Saginaw Bay walleye fishing is slow all over (try spoons), and the perch have not really started yet. A few walleye were caught off Gambill’s Marina near Pinconning and off the mouth of the Kawkawlin River in 14 feet or west of Buoys 1 & 2 in 25 feet. A couple perch were taken near the Red Spark Plug (Buoys 11 & 12) but no big numbers yet. Perch fishing will improve as the cooler weather moves in. Walleye anglers on the east side had a slow week. Those trolling off Quanicassee, Sebewaing and Bay Port were lucky to get one fish per angler.
Shiawassee River: Is producing the occasional walleye at the Corunna Dam and the spillway off Main Street in Owosso. Panfish and smallmouth bass were also caught. Most are using shiners or crawlers. Catfish numbers were down however the fish were bigger.
Au Gres: Walleye fishing slowed a great deal for the average fishermen but good catches of walleye were being taken on spoons (mini streaks) and those trolling did pick up the occasional 10 or 11 inch perch.
Outer Saginaw Bay:
Oscoda: A few salmon were showing up around the pier. Those fishing late night with glow spoons did catch a couple fish.
- Au Sable River: A few walleye were caught but no big numbers. The water is too warm for trout and salmon.
Grindstone City: Was slow with only a couple walleye caught.
Port Austin: Boat anglers trolling around the lighthouse caught smallmouth bass in 12 to 15 feet. Those heading out to waters 160 to 190 feet deep caught Chinook, lake trout and even walleye. The thermocline started about 110 feet down. Lake trout were within 10 feet of the bottom.
Tawas: Walleye anglers trolling out around Tawas Point and north to Au Sable Point found success in 50 to 80 feet. Fish were also caught in 20 to 50 feet off Alabaster and in 20 to 25 feet along the weed beds off Jerry’s Marina. Pier anglers caught walleye, large and smallmouth bass, rock bass and small perch.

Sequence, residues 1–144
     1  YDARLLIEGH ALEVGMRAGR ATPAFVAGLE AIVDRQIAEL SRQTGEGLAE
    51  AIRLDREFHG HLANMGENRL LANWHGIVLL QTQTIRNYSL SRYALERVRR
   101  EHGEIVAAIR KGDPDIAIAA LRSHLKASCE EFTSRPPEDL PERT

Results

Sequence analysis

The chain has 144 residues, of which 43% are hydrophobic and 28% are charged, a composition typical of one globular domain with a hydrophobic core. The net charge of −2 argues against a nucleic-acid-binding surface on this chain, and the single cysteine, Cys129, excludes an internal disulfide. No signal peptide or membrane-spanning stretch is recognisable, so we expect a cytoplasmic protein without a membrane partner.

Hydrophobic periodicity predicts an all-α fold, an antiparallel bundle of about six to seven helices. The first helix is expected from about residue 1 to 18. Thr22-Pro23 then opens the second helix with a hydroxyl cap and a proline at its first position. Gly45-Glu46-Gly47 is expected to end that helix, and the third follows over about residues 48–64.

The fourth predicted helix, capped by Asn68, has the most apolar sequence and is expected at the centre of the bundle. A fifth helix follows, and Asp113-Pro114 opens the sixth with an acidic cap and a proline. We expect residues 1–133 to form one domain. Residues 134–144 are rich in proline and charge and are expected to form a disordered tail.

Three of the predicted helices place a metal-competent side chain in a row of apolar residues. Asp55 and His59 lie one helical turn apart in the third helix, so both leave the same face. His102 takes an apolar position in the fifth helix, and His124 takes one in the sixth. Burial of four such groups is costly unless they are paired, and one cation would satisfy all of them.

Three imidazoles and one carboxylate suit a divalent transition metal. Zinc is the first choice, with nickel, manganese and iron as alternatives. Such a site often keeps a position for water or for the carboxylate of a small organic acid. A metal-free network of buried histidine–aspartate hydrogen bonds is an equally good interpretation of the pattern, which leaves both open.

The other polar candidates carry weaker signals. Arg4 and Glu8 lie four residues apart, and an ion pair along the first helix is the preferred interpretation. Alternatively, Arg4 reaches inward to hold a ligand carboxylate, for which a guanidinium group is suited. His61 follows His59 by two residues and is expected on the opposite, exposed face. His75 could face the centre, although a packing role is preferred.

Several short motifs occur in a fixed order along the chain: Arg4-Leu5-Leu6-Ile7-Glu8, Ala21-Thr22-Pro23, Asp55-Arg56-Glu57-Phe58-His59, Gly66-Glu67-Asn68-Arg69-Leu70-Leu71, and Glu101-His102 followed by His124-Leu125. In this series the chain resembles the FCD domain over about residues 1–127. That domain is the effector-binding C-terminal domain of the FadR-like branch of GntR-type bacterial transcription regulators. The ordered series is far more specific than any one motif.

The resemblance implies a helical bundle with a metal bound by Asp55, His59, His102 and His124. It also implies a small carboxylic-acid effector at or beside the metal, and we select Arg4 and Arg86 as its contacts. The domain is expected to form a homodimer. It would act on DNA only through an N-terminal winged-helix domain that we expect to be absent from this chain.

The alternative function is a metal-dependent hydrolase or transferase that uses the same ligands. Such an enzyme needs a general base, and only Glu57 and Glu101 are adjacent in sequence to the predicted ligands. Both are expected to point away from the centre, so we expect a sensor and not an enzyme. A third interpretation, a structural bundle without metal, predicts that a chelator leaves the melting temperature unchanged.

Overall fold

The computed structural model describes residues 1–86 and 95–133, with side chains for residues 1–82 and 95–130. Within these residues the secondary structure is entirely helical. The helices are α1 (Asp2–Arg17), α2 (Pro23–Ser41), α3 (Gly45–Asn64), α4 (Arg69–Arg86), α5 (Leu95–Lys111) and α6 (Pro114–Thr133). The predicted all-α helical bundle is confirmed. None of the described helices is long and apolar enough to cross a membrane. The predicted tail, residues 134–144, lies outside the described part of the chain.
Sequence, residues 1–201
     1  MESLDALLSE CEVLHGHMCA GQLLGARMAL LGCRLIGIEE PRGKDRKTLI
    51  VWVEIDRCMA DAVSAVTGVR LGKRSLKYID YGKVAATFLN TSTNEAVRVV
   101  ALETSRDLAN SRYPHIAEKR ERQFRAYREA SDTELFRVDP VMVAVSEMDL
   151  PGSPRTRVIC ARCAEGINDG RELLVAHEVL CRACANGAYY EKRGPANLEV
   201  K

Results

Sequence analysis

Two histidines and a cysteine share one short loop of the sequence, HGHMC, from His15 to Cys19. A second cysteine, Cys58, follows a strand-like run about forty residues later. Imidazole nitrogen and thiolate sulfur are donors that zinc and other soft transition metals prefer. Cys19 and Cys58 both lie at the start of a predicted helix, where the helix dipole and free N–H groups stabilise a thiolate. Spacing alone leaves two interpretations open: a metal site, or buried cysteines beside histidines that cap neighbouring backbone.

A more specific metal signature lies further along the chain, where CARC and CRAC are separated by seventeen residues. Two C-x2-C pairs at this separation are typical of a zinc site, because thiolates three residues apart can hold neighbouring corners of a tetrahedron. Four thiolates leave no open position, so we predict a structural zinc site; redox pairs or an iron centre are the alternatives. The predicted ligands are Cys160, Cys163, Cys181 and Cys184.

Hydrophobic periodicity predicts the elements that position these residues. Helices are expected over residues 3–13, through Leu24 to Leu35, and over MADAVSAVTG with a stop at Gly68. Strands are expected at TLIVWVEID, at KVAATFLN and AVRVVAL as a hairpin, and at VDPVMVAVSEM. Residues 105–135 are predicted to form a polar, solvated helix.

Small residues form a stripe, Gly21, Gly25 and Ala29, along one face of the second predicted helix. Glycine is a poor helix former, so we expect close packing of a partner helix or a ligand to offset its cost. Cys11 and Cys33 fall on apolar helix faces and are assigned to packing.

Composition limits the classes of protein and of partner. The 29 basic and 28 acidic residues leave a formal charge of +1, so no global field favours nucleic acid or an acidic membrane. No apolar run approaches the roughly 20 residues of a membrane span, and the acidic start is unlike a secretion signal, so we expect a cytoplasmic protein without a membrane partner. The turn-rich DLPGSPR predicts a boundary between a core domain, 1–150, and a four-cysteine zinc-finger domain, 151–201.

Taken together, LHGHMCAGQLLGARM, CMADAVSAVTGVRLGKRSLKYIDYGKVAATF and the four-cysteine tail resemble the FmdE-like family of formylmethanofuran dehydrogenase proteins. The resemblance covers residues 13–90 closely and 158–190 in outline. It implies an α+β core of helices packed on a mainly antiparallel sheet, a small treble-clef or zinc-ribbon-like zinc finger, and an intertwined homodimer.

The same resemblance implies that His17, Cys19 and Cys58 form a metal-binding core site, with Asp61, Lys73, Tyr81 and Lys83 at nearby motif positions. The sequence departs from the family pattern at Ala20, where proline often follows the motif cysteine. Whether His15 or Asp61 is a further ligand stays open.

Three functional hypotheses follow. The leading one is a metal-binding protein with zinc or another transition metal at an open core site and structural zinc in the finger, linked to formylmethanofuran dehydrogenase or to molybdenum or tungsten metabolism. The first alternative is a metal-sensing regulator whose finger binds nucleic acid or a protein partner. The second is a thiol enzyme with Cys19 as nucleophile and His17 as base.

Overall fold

Weekly Fishing Tip: Buying minnows for your next fishing trip
Minnows are a popular bait option for many anglers, but do you know the difference between the various species? Understanding these differences can help you excel during your next fishing adventure!
These minnows are usually one to three inches long and are available all year long. In particular, fatheads are great for targeting yellow perch in the fall and are considered excellent walleye bait as well.
These minnows are usually around three inches long and are effective during winter, spring and fall months. Many anglers use these minnows for targeting walleye.
These minnows are usually between two and a half and three inches long and have a limited availability, usually during the spring. These minnows are great when walleye fishing.
These minnows are usually between three to four inches, but they can grow to nearly a foot long. They’re available at all times during the year and are considered a top bait choice for northern pike in the summer.
Please note Michigan has several bait restrictions in place to prevent the spread of fish diseases. Information about these restrictions and regulations can be found in the 2013 Michigan Fishing Guide.